Closing the barn door — the Grokster case

Tomorrow, the Supreme Court will hear oral arguments in the case of
MGM vs Grokster (for background and documents from both sides, see the Electronic Freedom Foundation’s site). Gorkster and the other defendants are peer-to-peer file sharing systems that MGM (and others) claim facilitate illegal copying and sharing of copyrighted materials (specifically music and videos). Technically, the case is an extension of the 1984 Sony Betamax case concerning secondary liability for copyright infringement (can the maker of the technology be held liable for the infringement by the users).
However, the case may already be irrelevant. A recent study by the Pew Internet & American Life Project, Music and Video Downloading Moves Beyond P2P shows that about half of the people who download music or videos have found ways outside of traditional peer-to-peer networks or paid online services to swap their files – most often direct sharing from an iPod or MP3 player or through email or instant messaging.
If millions of people are sharing their favorite tunes via email, nothing short of a massive police-state can stop it.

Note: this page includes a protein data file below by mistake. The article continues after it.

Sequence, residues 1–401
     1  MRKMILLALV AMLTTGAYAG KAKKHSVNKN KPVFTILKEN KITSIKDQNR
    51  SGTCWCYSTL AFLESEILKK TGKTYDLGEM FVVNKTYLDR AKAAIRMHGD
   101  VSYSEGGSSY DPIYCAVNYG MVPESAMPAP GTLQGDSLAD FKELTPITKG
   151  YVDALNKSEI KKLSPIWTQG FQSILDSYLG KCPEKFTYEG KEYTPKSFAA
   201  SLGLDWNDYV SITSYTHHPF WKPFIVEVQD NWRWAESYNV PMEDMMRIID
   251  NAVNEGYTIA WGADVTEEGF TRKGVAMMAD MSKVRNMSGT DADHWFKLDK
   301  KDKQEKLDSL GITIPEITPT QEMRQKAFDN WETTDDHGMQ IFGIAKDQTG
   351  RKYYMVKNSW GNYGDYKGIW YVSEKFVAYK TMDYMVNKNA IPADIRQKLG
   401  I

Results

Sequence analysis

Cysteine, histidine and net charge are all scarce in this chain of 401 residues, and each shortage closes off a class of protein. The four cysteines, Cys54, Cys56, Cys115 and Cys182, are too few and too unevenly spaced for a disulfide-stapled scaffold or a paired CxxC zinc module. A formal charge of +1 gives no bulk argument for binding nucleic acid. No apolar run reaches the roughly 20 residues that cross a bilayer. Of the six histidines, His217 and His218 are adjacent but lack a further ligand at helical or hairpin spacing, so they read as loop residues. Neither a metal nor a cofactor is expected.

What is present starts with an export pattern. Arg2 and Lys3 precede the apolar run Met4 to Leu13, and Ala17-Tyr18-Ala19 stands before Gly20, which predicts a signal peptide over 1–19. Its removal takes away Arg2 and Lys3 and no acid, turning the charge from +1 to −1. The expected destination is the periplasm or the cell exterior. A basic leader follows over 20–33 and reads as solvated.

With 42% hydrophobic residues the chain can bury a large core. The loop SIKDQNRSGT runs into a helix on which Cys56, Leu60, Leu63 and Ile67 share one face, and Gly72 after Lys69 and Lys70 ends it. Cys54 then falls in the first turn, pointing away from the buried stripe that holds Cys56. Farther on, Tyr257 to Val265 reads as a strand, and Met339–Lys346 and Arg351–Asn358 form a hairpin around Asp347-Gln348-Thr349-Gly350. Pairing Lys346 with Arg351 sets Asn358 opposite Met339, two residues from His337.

As has been stated so often as to become almost a cliche, digital technology has fundamentally altered the nature of the music business (and soon, the movie business) — just like the printing press altered the business of writing. Those industries need to develop a new business model. Steve Jobs amazing success at Apple with the iPod is an example of what can be done (see story in Business 2.0). Larry Lessig’s Creative Commons is another example, as more and more artists use the concept (see Washington Post story “Creative Commons is Rewriting Rules of Copyright“)
But more creative thinking (in what is supposed to be a “creative industry”) is desperately needed.

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